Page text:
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Disentangling the evolution of Holocene climate, soil erosion and human impact in Iceland

Ardenghi, Nicolò 1 ; Harning, David J 2 ; Raberg, Jonathan 3 ; Sepúlveda, Julio 4 ; Geirsdóttir, Áslaug 5 ; Miller, Gifford H 6 ; Þórðarson, Þorvaldur 7

5 University of Iceland
7 University of Iceland

The Arctic is warming twice as fast as the global average, with mean summer temperatures predicted to be 4–6°C higher than in the late 20th century by year 2100. In order to inform policy, predictive models rely on the understanding of climatic factors and feedback mechanisms. However, while large uncertainties remain, they can be reduced through the study of past climate evolution.

Soil erosion has been severe across Iceland for centuries and it is commonly thought to have been initiated at settlement (~870 CE; Dugmore et al., 2009). However, the roles of time (soil development), climate (mainly summer temperature), volcanism, and human impact (mostly settlement along with pastoral activity) as the cause of the widespread soil erosion, remains debated.

Twenty thousand years ago, Iceland and its shallow continental shelf lay beneath an independent ice sheet. As Iceland deglaciated (after 15 ka BP), plants colonised from distant sources and soil formed and developed (e.g., Geirsdóttir et al., 2020). By ~5 ka BP, the cooling caused by the decreasing northern hemisphere summer insolation (Fig. 1 A-B) resulted in the decline of birch woodlands, increased catchment soil erosion during colder summers, and regrowth or expansion of Iceland’s cryosphere (Neo-glaciation), with ice caps reaching maximum dimensions during the Little Ice Age (~1250-1850 CE). Though the primary forcing for Northern Hemisphere Holocene cooling is thought to be the monotonic decline in summer insolation, high-resolution records of environmental change indicate that Iceland's landscape response was non-linear (Fig. 1 B; Geirsdóttir et al., 2019, 2020).

Our ongoing project at INSTAAR aims to accurately reconstruct a continuous history of climate across Iceland since the last glacial period (~11.5 ka BP), and determine to what extent climate, volcanism and/or humans (Norse settlement) led to the widespread soil erosion, a pervasive feature of the contemporary Icelandic landscape.

We will rely on a novel integration of a rich archive of lipid biomarker proxies and sedimentary DNA (Fig. 2) obtained through downcore analysis of a series (3-5) lacustrine sediment cores. These are securely dated, high-resolution records spanning the entire Holocene and covering (Fig. 3) the western (A), the northern (B), and the south-eastern (C) coastal sectors of Iceland. The proxies we plan to use are brGDGTs (bacterial membrane lipids) for paleo-temperature; algae/plant waxes n-alkyl compounds, with their stable isotopic composition (delta²H, delta¹³C) for paleo-hydrology; and faecal sterols/bile acids and fire markers (polycyclic aromatic hydrocarbons, levoglucosan, and possibly charcoal) for human presence/agency. SedaDNA analysis will provide information on the evolution of the vegetation cover in the Icelandic landscape throughout the Holocene, with a focus on the deglaciation process, avoiding the shortcomings of pollen aeolian transport from more southern regions.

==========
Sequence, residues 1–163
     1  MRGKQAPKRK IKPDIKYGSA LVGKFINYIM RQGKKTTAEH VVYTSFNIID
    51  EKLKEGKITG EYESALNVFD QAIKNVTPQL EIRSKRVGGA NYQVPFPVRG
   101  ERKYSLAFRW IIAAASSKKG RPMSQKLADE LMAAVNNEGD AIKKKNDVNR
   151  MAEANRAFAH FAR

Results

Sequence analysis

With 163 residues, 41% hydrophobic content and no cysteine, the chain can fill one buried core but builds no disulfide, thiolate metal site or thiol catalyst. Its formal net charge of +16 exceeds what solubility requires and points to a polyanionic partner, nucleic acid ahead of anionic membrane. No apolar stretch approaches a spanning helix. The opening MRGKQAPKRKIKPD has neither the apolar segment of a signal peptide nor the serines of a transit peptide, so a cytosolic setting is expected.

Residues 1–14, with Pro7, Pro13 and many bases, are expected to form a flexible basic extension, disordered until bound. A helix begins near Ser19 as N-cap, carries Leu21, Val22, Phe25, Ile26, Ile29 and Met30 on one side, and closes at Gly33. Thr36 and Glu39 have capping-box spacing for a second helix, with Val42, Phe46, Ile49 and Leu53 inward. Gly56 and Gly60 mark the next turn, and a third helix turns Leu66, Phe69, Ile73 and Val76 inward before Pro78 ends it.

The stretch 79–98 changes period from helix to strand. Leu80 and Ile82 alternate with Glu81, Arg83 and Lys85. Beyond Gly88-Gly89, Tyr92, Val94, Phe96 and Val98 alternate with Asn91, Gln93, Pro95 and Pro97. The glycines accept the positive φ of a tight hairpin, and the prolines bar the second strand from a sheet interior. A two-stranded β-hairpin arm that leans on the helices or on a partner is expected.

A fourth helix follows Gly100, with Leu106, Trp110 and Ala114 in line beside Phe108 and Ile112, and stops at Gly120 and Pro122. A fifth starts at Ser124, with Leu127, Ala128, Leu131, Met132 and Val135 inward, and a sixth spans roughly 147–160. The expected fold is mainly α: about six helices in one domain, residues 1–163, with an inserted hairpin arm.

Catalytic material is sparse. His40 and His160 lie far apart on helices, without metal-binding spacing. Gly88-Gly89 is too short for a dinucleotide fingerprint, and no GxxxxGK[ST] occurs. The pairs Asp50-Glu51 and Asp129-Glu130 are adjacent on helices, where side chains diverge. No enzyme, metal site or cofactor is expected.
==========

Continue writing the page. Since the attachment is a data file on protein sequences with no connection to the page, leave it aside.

Additionally, interpretation of these proxies will be bolstered by the results of a parallel analysis of tephra layers (providing secure chronology, along with radiocarbon) and other organic/inorganic proxies (e.g., biogenic silica) tracing the evolution of volcanism and primary productivity.

Arnalds, O., Thorarinsdottir, E.F., Metusalemsson, S., Jonsson, A., Gretarsson, E., Arnason, A., 2001. Soil Erosion in Iceland. Soil Conservation Service. Agricultural Research Institute, Reykjavik, Iceland.

Berger, A., Loutre, M.-F., 1999. Parameters of the Earths orbit for the last 5 Million years in 1 kyr resolution. Supplement to: Quat Sci Rev 10.4: 297–317. doi:10.1594/PANGAEA.56040

Cabedo-Sanz, P., Belt, S.T., Jennings, A.E., Andrews, J.T., Geirsdóttir, Á., 2016. Variability in drift ice export from the Arctic Ocean to the North Icelandic Shelf over the last 8000 years: A multi-proxy evaluation. Quaternary Science Reviews 146, 99–115. doi:10.1016/j.quascirev.2016.06.012

Dugmore, A.J., Gisladóttir, G., Simpson, I.A., Newton, A., 2009. Conceptual Models of 1200 Years of Icelandic Soil Erosion Reconstructed Using Tephrochronology. Journal of the North Atlantic 2, 1–18. doi:10.3721/037.002.0103

Geirsdóttir, Á., Harning, D.J., Miller, G.H., Andrews, J.T., Zhong, Y., Caseldine, C., 2020. Holocene history of landscape instability in Iceland: Can we deconvolve the impacts of climate, volcanism and human activity? Quaternary Science Reviews 249. doi:10.1016/j.quascirev.2020.106633

Geirsdóttir, Á., Miller, G.H., Andrews, J.T., Harning, D.J., Anderson, L.S., Florian, C., Larsen, D.J., Thordarson, T., 2019. The onset of neoglaciation in Iceland and the 4.2 ka event. Climate of the Past 15, 25–40. doi:10.5194/cp-15-25-2019


Fig 1.

(A) Summer insolation at 65°N (Berger and Loutre, 1999). Iceland 7-lake composite records: (B) Holocene relative summer temperature, (C) C:N (Geirsdóttir et al., 2019). (D) IP25 (sea ice) on the north shelf of Iceland (MD99-2269) (Cabedo-Sanz et al., 2016).


Fig 2.

Schematic illustration of our field sampling-instrumentation strategies.


Fig 3.

Modern soil erosion in Iceland (modified from Arnalds et al., 2001). Black shaded areas indicate the three main regions (A-western, B-northern, and C-south-eastern coasts) covered by our lacustrine archives.